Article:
Will Paul Ryan Be Booted from the House Speakership after the Election?

by | Nov 8, 2016


On October, 29, 2015, just over one year ago, Rep. Paul Ryan (R-WI) became speaker of the United States House of Representatives. Rep. John Boehner (R-OH) had announced about a month earlier his resignation from the House after House members had become increasingly vocal in their disapproval of Boehner’s leadership and momentum had built significantly towards Boehner’s ouster from the speaker position.

May Ryan soon face a rebellion much like the one his predecessor faced? This possibility is suggested in Matt Fuller’s Friday Huffington Post article that draws much from an interview with Thomas Massie, a Republican House member from Kentucky who is also an advisory board member of the Ron Paul Institute for Peace and Prosperity.

Massie was an early and vocal supporter of the effort in the House to remove Boehner from the speakership. Now Massie is talking similarly regarding Ryan, though Massie still holds out the possibility the he will support Ryan remaining speaker.

In a written statement Massie provided to the Huffington Post, he criticizes Ryan for failures including not ensuring appropriations bills move through the legislative process, not providing members with adequate time to read bills before voting on them, and not enabling debate and vote in the House regarding President Barack Obama’s unilateral engagement of the United States in military conflicts “around the globe.” From a phone conversation with the Huffington Post, Massie is quoted as providing an additional reason he is critical of Ryan remaining in the speaker role. Says Massie, “It would be very difficult for [Ryan] to get my vote based on what I assume his motives are, which are to run for president in 2020,”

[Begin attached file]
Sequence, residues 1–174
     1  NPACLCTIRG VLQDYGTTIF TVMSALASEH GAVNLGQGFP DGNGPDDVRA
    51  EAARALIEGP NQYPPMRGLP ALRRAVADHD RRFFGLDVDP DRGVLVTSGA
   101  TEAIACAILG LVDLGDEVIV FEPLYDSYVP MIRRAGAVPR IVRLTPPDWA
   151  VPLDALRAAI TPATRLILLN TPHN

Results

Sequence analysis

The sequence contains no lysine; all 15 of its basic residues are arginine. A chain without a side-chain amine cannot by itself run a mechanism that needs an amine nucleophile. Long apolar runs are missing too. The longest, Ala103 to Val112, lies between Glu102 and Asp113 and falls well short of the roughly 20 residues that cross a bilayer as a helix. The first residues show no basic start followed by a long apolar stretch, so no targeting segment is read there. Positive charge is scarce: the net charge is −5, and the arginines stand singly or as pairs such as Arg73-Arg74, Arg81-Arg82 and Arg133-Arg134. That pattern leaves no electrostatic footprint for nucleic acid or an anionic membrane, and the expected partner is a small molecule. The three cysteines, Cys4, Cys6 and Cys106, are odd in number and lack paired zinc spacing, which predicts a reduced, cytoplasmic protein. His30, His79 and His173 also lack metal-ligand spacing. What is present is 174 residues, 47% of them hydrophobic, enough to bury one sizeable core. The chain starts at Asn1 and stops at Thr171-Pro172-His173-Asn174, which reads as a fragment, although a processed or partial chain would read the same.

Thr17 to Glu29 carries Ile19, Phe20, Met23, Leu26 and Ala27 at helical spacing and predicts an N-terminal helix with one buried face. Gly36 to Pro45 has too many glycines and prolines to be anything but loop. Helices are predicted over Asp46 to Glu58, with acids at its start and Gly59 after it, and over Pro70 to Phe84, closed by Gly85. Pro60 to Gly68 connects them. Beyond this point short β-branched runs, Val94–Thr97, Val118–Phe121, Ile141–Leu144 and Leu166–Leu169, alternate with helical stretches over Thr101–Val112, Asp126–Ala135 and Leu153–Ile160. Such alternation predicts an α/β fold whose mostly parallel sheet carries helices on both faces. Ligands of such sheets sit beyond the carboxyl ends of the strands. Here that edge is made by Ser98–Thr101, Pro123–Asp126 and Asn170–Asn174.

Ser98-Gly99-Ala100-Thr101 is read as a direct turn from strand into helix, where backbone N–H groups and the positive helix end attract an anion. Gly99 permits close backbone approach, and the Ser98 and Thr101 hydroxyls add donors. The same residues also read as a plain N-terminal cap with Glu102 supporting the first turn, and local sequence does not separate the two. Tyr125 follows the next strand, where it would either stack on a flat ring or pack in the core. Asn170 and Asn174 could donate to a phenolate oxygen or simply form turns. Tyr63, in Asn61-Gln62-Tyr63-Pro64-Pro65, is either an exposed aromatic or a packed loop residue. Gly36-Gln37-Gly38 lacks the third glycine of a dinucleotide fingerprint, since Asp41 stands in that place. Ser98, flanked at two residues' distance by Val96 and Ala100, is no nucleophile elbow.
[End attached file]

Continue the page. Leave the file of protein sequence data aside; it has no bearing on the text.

Like the House revolt against Boehner, a revolt against Ryan can start with a few maverick voices such as Massie’s before building into a powerful force. Indeed, Massie is quoted in the article as saying he expects more representatives “will wait until the day after the [November 8] election to say what I’m saying now.”


  • Adam Dick

    Adam worked from 2003 through 2013 as a legislative aide for Rep. Ron Paul. Previously, he was a member of the Wisconsin State Board of Elections, a co-manager of Ed Thompson's 2002 Wisconsin governor campaign, and a lawyer in New York and Connecticut.

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